2(j−i+ 1) Pj

h=iph. Note that,

once the items are sorted, all the Ci,j’s can be found in O(N) time by means of preﬁx-sum

computations [17].

The four main algorithms for solving the problem are now brieﬂy surveyed. The ﬁrst

three of them, called Dynamic-Programming,Dichotomic, and Dlinear, assume items sorted

by non-increasing pi

zi’s (and thus they search for segmentations) and work for an arbitrary

number of channels. Whereas, the other one, called Square Root Rule, do not assume sorted

items and works for a single channel. The ﬁrst three algorithms are oﬀ-line and employ

dynamic programming, while the last algorithm is on-line and does not use dynamic pro-

gramming.

2.1 The Dynamic-Programming algorithm

The Dynamic-Programming algorithm is a dynamic programming implementation of the

following recurrence, where kvaries from 1 to Kand, for each ﬁxed k,nvaries from 1 to N:

solk,n =

C1,n if k= 1

min1≤`≤n−1{solk−1,` +C`+1,n}if k > 1(4)

For any value of kand n, the Dynamic-Programming algorithm selects the best segmentation

obtained by considering the n−1 segmentations already computed for the ﬁrst k−1 channels

6

and for the ﬁrst `items, and by combining each of them with the cost of assigning the last

n−`items to the single k-th channel. In details, consider the K×Nmatrix Mwith

Mk,n =solk,n. The entries of Mare computed row by row applying Recurrence 4. Clearly,

MK,N contains the cost of a solution for the original problem. In order to actually construct

the corresponding segmentation, a second matrix Fis employed to keep track of the ﬁnal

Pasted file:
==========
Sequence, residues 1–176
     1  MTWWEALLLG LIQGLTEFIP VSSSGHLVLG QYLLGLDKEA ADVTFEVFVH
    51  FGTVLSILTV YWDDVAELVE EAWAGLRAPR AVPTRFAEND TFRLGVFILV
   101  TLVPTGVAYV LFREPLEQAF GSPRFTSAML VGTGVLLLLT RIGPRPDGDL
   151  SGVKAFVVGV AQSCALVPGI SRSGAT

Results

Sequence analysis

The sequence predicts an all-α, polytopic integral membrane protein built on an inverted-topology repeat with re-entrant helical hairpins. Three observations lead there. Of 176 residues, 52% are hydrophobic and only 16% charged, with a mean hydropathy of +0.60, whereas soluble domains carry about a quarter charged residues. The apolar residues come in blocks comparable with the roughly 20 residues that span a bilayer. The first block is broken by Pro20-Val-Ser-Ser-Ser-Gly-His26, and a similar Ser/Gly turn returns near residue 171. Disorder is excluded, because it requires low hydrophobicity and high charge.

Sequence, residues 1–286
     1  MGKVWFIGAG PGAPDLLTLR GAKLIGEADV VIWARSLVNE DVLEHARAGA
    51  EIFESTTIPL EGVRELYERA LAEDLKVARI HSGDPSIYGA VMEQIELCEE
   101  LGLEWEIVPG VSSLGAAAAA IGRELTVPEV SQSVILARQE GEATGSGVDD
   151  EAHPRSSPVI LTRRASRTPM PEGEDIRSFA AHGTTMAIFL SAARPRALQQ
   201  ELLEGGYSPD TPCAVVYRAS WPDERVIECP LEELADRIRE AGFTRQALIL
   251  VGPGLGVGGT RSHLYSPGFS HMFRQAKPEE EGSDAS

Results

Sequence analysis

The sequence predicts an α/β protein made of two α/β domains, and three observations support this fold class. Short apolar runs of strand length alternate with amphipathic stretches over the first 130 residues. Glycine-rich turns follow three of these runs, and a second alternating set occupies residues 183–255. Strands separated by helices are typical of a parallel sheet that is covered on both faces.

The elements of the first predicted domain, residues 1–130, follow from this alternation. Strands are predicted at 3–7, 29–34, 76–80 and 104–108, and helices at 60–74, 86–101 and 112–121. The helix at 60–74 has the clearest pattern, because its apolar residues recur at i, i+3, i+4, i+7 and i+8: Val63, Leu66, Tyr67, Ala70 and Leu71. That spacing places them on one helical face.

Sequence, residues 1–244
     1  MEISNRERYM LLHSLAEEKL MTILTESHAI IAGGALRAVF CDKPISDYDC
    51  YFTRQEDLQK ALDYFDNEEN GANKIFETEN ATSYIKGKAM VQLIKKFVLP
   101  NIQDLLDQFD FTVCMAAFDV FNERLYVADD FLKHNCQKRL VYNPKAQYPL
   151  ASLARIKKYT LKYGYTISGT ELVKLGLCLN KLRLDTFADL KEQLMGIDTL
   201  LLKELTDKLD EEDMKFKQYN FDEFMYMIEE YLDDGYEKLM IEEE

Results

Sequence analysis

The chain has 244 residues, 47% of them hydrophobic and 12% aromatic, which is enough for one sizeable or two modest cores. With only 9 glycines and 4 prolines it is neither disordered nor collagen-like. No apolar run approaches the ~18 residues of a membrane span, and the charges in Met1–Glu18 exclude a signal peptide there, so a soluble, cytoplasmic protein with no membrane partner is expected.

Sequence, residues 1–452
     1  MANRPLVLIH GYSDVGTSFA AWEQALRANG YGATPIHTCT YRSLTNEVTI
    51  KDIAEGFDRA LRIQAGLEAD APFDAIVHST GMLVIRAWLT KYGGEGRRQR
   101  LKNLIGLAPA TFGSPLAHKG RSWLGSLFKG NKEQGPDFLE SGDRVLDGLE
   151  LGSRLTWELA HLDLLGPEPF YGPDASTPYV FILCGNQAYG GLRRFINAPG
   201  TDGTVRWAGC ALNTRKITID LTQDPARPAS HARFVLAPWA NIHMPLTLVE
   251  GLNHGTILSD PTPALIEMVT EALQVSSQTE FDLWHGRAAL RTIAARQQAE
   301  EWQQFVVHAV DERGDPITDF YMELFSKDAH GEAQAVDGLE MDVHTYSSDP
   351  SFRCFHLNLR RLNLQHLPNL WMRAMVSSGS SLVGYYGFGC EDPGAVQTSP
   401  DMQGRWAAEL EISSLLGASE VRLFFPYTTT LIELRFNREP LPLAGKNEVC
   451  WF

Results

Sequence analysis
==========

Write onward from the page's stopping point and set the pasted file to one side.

borders of segmentations corresponding to entries of M. In Recurrence 4, the value of `

which minimizes the right-hand-side is the ﬁnal border for the solution SOLk,n and is stored

in Fk,n. Hence, the segmentation is given by SOLK,N = (B1, B2, . . . , BK−1) where, starting

from BK=N, the value of Bkis equal to Fk+1,Bk+1 , for k=K−1,...,1. The Dynamic-

Programming algorithm requires O(N2K) time. It ﬁnds an optimal solution in the case of

unit lengths and a sub-optimal one in the case of non-unit lengths [18].

2.2 The Dichotomic algorithm

To improve on the time complexity of the Dynamic-Programming algorithm, the Dichotomic

algorithm has been devised. Let Bn

hdenote the h-th border of SOLk,n, with k > h ≥1.

Assume that SOLk−1,n has been found for every 1 ≤n≤N. If SOLk,l and SOLk ,r have

been found for some 1 ≤l≤r≤N, then one knows that Bc

k−1is between Bl

k−1and Br

k−1,

for any l≤c≤r. Thus, choosing cas the middle point between land r, Recurrence 4 can

be rewritten as:

solk,dl+r

2e= min

Bl

k−1≤`≤Br

k−1{solk−1,` +C`+1,dl+r

2e}(5)

where Bl

k−1and Br

k−1are, respectively, the ﬁnal borders of SOLk ,l and SOLk,r.

Such a recurrence is iteratively solved within three nested loops which vary, respectively,

in the ranges 1 ≤k≤K, 1 ≤t≤ dlog Ne, and 1 ≤i≤2t−1, and where the indices l, r, and

care set as follows: l=di−1

2t−1(N+ 1)e,r=di

2t−1(N+ 1)e, and c=dl+r

2e=d2i−1

2t(N+ 1)e.

In details, the Dichotomic algorithm is shown in Figure 1. It uses the two matrices Mand

F, whose entries are again ﬁlled up row by row (Loop 1). A generic row kis ﬁlled in stages

(Loop 2). Each stage corresponds to a particular value of the variable t(Loop 3). The

variable ccorresponds to the index of the entry which is currently being ﬁlled in stage t.

The variables l(left) and r(right) correspond to the indices of the entries nearest to cwhich

have been already ﬁlled, with l < c < r. If no entry before chas been already ﬁlled, then

7

l= 1, and therefore the ﬁnal border Fk,1is initialized to 1. If no entry after chas been ﬁlled,

then r=N, and thus the ﬁnal border Fk,N +1 is initialized to N. To compute the entry c, the

variable `takes all values between Fk,l and Fk,r . The index `which minimizes the recurrence

in Loop 4 is assigned to Fk,c, while the corresponding minimum value is assigned to Mk,c .

The Dichotomic algorithm lowers the time complexity of the Dynamic-Programming al-

gorithm to O(NK log N). As for the Dynamic-Programming algorithm, the Dichotomic